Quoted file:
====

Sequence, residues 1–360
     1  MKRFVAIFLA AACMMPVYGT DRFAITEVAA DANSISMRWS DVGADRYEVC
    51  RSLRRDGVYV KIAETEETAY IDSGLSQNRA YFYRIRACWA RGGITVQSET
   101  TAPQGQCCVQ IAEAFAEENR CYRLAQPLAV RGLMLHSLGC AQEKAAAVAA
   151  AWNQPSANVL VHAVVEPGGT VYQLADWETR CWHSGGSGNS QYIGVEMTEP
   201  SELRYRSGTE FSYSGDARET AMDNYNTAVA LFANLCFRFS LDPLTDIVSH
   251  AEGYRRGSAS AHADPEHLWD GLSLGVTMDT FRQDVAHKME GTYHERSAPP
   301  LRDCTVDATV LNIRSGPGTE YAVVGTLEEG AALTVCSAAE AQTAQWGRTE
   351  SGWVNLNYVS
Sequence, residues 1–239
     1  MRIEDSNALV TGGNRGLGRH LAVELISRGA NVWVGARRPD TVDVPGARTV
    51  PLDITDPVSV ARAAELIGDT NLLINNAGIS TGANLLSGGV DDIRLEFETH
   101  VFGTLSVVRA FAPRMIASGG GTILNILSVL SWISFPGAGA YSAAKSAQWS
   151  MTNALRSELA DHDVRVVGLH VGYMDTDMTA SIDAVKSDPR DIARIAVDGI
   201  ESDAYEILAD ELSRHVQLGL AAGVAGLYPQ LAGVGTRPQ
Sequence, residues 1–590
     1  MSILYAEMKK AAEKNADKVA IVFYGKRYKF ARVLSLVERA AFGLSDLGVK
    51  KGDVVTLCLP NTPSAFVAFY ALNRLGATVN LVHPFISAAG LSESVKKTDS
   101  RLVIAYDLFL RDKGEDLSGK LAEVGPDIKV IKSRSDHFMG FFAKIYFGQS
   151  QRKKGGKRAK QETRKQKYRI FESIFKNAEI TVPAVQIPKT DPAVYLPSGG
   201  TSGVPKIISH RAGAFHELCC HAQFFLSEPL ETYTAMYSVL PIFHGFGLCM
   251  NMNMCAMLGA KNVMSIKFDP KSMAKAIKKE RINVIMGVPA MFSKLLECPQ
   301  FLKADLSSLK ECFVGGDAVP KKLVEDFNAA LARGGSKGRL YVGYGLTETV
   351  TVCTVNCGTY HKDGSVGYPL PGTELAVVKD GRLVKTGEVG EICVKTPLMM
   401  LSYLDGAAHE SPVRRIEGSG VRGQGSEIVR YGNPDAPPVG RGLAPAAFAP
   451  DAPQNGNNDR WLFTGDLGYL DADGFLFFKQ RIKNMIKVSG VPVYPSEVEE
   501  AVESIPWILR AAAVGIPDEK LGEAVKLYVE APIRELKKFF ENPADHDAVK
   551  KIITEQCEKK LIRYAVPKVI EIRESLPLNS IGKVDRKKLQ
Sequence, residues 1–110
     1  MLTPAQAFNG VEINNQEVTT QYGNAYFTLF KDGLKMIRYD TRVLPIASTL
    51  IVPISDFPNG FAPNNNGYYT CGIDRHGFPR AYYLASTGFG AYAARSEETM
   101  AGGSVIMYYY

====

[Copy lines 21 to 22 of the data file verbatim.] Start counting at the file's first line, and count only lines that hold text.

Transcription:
   201  TSGVPKIISH RAGAFHELCC HAQFFLSEPL ETYTAMYSVL PIFHGFGLCM
   251  NMNMCAMLGA KNVMSIKFDP KSMAKAIKKE RINVIMGVPA MFSKLLECPQ